As I offered to speak prayers of commendation in the wrong language, the priest arrived and I gladly gave stage to him, to his ecclesiastical authority and his sacraments. They quieted for him -- calma te -- but as he left the fugue was starting up again. And now Alice the social worker, as hopelessly Anglo-Saxon as I, appeared at the door. We locked eyes across the room, dos gringos stranded in a ceremony of grief from a strange land, this cantata risen from the soil of a Dominican village.
So here, professionally speaking, was our problem. In the old country this score could be played out with all its repeats, to the fullest length of hours and days, till grief's first shock was spent. But this family, whether they liked it or not -- whether we liked it or not -- had to encounter the mores of the hospital, and the hospital's script of grief was more like mine than like that of the grieving family. This was not a Dominican village, or the family's home, or even a private room. Something had to be done for the other patient. As each new cousin entered the fugue -- por que, por que? -- the other man's peace was violated. He couldn't share this grief; he had his own problems. And it wasn't just the roommate -- the whole unit was in turmoil. The chorus of their hallelujahs resounded down the hallway. A dozen families were at the nurse's desk, asking for respect, and quiet.
The floor staff rolled the roommate's bed into the corridor. And this is what Alice and I did. We spoke, inadequately, of our sorrow at their loss. We confided in Luz, one of the daughters, who had leadership quality and a little more English than we had Spanish. Luz alternated between her tears and her guidance of the family, and one by one and two by two, we escorted them to the lounge, where they could commiserate at greater distance from other families. There they told us they were waiting for Mama, the wife now widow, who lived only a short distance away, was walking here and would say her good-byes in person before the body could be moved. Who could say no?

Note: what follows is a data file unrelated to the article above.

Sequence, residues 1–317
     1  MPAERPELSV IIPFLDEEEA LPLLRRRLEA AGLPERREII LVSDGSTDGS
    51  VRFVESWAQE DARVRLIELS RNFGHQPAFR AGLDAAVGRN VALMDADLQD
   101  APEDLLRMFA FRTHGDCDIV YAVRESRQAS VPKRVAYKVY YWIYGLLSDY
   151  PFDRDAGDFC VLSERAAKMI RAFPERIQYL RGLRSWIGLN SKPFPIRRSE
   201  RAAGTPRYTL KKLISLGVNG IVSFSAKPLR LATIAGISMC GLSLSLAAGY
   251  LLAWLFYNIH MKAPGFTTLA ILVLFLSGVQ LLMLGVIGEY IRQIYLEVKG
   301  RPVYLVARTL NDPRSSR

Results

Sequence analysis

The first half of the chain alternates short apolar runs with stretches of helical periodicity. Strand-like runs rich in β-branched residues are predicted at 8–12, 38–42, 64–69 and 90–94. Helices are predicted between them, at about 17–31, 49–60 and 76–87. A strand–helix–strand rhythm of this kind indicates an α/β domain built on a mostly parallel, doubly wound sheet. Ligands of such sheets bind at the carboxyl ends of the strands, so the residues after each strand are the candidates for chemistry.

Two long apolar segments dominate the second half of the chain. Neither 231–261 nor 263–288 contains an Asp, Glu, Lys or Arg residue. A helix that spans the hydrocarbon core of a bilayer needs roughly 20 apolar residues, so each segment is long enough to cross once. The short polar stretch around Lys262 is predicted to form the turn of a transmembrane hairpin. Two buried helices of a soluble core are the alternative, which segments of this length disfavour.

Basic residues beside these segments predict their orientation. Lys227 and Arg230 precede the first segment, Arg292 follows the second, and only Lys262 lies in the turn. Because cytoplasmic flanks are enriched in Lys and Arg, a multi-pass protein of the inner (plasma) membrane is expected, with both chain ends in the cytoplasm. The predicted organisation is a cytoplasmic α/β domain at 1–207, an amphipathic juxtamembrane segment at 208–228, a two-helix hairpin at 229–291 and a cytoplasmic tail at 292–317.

Mama came to the bedside, and her grief was a great one, and they all came back in the room to comfort her, and the fugue started over -- por que, por que -- and then, one by one and two by two and three by three, Alice Luz and I brought them back again to the lounge. And we sat with them. I met the granddaughter appointed to be health care agent, but who had been overwhelmed by her elders and their powerful scripts of grief. And I met the grandson, just arrived from Cambridge where he was studying law at Harvard. And something began to turn. Conversations in two languages began to flow. Telephone calls were made to yet more family members, in other boroughs, other states, in the home island. The funeral director was called. The body would be moved, and the family would meet at home. They were moving on. Mama asked me to pray for her, and with Luz's help and with Mama's hand in mine I said words of blessing and hope, that even now something wonderful can happen. As Samuel Beckett has written, something was taking its course.
I wasn't the ideal person for the situation. My empathy was far from perfect. This was difficult.